Professor reviews Global Commons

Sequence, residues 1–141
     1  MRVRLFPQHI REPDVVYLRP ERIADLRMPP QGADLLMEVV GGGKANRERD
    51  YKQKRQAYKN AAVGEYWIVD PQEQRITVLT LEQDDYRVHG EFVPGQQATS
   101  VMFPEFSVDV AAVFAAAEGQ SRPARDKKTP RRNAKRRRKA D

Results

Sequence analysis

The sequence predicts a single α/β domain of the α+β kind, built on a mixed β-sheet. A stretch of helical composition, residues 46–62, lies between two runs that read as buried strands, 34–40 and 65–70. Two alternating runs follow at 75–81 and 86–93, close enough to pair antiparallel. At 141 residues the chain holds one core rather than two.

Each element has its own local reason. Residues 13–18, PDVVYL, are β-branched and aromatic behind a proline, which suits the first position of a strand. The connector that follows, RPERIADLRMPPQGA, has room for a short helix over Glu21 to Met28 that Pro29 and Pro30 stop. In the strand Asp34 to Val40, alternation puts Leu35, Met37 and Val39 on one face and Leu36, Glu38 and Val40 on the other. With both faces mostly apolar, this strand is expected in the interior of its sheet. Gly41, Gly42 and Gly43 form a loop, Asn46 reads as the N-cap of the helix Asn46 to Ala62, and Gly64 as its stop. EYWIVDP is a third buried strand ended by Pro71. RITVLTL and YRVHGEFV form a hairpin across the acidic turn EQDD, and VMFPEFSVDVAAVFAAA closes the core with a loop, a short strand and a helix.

first_imgQuestions of property and ownership are central to human history, and Leo Burke, director of Integral Leadership at the Mendoza College of Business and the Global Commons Initiative, said he believes the concept of common ownership will be increasingly important in the future. Burke gave a lecture entitled “Global Commons” as part of the “10 Years Hence” lecture series Friday in the Jordan Auditorium of the Mendoza College of Business. Burke said it was important to understand the idea of commons, goods and resources shared by communities for common benefit, in order to make informed decisions regarding global issues with major consequences. “The world 10 years from now is going to be dramatically different, you’ll barely recognize it,” Burke said. “One of the questions as a business school, as a university, as citizens that we have to face is: What kind of world do we want to unfold? Do we want a world that works for everyone? Do we want a world that is restricted?” Burke said the role of the commons in shaping this future lies in finding ways for the commons and the current capitalist, free-market system to work in concert. “Things that we share together are commons, things with historical laws and traditions of private ownership can be owned privately,” Burke said. “Some stuff we need to own, some stuff we can’t own and some stuff we need to talk about. The commons have characteristics that you might say complement the market. That will be important going forward. We have to be able to have commons structures that coexist with private property.” In explaining the concept of commons, Burke structured his presentation around five key words: ancient, diverse, commoning, stewardship and enclosure. He said the first two are attributes of commons – commons are ancient and diverse. He offered water as one example of an ancient commons, citing the Roman law of water usage under the Code of Justinian. As examples of the diversity among commons, he mentioned languages, family recipes, MIT’s open courseware, Linux and community gardens. Burke said the next word, commoning, is the action of sharing together in commons. He said the modern examples of commons demonstrate that commoning is found in collaborative efforts for common benefit. “People are finding common grounds to serve the common good,” Burke said. Stewardship relates to using commons and resources generally in a sustainable manner, he said. Burke said mankind uses 50 percent more of the world’s resources than it naturally produces each year. He said if humans continue on this trajectory of increasing resource consumption, the yearly usage will reach three worlds’ worth by the year 2050. Burke said humanity is more aware of this need for stewardship than ever before because technological advancement has increased mankind’s ability to monitor consumption. “This is the first time in human history when humanity can see itself in totality,” he said. The final word Burke discussed was enclosure. Burke said the term comes from the enclosure acts passed by Parliament during the Tudor period in England. Burke said, for his purposes, enclosure means privatizing commons. “Enclosure is the expropriation and commercialization of shared resources for personal gain,” he said. Burke said two current examples of enclosure are the 1998 Sonny Bono Copyright Term Extension Act, as well as other efforts to extend copyright protections, and the 1981 patent on a microorganism awarded to General Electric. Burke said in the future it may be the case that water goes through the same process of being made a commodity rather than a commons. He said our modern way of thinking about property reflects this idea of enclosure. “We tend to think of enclosure as the only way to manage things,” he said. “Right now, if you can’t put a price on it, it doesn’t have value.” Contact Christian Myers atcmyers8@nd.edulast_img